There is no single “cure” for PTSD, so normally a combination of techniques is employed. In many cases, antidepressants and SSRIs are prescribed, as well as sedatives to counter anxiety attacks. However, eating disorder therapy does not usually include medication, so for our purposes, we’ll focus on psychotherapy techniques that are commonly used for both eating disorders and PTSD.

  1. Cognitive Behavioral Therapy.

This is a form of talk therapy, widely used in mental health treatment, that emphasizes understanding how emotions, thoughts, and behaviors relate to each other. Since disordered eating behaviors are often driven by a need to cope with negative feelings caused by trauma, CBT in an eating disorder setting centers on identifying those negative feelings. With the therapist, clients in treatment will explore how those feelings are causing them to use disordered eating. Eventually, they will learn to experience those feelings without the need to act on them.

  1. Exposure Therapy

Used in a variety of anxiety-related treatments, exposure therapy is useful in helping clients reacclimate to situations that might trigger PTSD symptoms. As an example, a person whose PTSD stems from being in a car crash might be afraid to get into cars afterward. Exposure therapy in this situation might include incrementally having the client sit in an unmoving car while processing their feelings. They then would ride as a passenger in a moving car, then try driving by themselves. This is simplified, of course, but the stages of exposure therapy gradually reintroduce the client to their feared situations. It also applies to eating disorders as well – situations like eating in public for a person with anorexia nervosa or eating small amounts of a favorite binge food for a person with binge eating disorder can be introduced through exposure therapy.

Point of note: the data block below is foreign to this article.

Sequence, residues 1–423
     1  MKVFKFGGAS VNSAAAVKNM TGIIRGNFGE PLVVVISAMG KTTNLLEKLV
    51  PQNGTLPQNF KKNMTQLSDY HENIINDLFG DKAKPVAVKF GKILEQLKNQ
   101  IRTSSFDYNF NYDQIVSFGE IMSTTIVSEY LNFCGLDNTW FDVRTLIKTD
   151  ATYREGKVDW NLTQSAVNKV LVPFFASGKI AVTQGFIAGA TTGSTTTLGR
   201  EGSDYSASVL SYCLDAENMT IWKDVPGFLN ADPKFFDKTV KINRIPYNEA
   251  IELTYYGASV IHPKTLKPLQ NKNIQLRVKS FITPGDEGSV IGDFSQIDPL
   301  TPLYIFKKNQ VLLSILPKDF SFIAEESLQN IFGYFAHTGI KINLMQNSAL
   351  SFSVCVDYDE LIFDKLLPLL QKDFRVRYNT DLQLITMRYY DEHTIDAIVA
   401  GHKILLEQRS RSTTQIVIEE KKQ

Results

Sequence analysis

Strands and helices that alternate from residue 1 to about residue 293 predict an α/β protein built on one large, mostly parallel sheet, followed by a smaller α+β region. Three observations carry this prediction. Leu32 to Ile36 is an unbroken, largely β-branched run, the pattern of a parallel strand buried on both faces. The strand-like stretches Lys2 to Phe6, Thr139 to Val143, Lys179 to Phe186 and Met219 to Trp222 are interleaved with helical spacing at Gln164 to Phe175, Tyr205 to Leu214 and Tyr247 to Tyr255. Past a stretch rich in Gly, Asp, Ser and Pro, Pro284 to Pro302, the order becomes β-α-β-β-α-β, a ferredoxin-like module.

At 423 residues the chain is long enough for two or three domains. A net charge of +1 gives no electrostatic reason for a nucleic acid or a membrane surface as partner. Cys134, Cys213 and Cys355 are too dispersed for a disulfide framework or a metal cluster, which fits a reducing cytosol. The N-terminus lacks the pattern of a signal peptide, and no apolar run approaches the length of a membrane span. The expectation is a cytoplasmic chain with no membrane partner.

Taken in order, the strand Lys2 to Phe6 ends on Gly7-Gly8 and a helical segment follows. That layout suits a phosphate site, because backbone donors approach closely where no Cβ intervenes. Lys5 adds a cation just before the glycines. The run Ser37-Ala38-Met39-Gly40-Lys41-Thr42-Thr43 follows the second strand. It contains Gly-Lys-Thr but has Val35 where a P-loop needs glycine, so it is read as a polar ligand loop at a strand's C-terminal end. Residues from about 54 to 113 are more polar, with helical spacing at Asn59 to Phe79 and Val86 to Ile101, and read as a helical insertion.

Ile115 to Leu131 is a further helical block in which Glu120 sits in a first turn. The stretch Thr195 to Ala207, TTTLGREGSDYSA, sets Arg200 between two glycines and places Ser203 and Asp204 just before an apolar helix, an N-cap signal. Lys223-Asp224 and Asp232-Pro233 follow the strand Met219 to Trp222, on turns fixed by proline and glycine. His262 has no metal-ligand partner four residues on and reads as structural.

1. Trauma-informed Yoga

Yoga is much more than a popular exercise technique. It’s a powerful tool for mindful meditation combined with movement. A series of breathing and stretching exercises that help people empty their minds and become more in tune with their bodies, yoga provides relief from stress and tensions. Mindfulness is at the core of this discipline – in a way it’s similar to CBT. Being able to experience emotions and acknowledge them without acting on them helps people in eating disorder treatment avoid resorting to disordered eating. Specifically designed for PTSD treatment, trauma-informed yoga involves gentler movement and less hands-on instruction, with more focus on emotional processing. One of the best things about trauma-informed yoga is that it can be done alone, with training. It makes yoga a useful tool for years after completing eating disorder treatment.

  1. Group Therapy

Calling group therapy a “therapeutic technique” is a bit of a misnomer; most techniques can be used in both individual and group settings. CBT, CPT, and yoga are all frequently performed in groups. However, it warrants special mention here because group therapy sessions are almost always part of both eating disorder and PTSD treatment. Group therapy displays some benefits that individual sessions can’t provide as easily. Group sessions provide ample opportunities for social support and bonding. This also validates a client’s feelings. Many people feel that they are all alone in their disorder, and a group therapy session can let them know that others share the same feelings. Being with people who know exactly what they’re going through allows individuals to open up and possibly make breakthroughs.

Find an Eating Disorder Recovery Center That Factors in Trauma Treatment

When you or a loved one is struggling with an eating disorder, it may feel like there’s nothing you can do. However, there are plenty of options for a full eating disorder recovery available online and locally. It’s best to do your research to find a helpful facility that not only treats the symptoms of the eating disorder itself, but also the various underlying causes that can hamper a full recovery.

Melissa Spann, PhD, LMHC, CEDS-S

Melissa Orshan Spann, PhD, LMHC, RTY 200, is Chief Clinical Officer at Monte Nido & Affiliates, overseeing the clinical operations and programming for over 50 programs across the U.S. Dr. Spann is a Certified Eating Disorder Specialist and clinical supervisor as well as an accomplished presenter and passionate clinician who has spent her career working in the eating disorder field in higher levels of care. She is a member of the Academy for Eating Disorders and the International Association of Eating Disorder Professionals where she serves on the national certification committee, supervision faculty, and is on the board of her local chapter. She received her doctoral degree from Drexel University, master’s degree from the University of Miami, and bachelor’s degree from the University of Florida.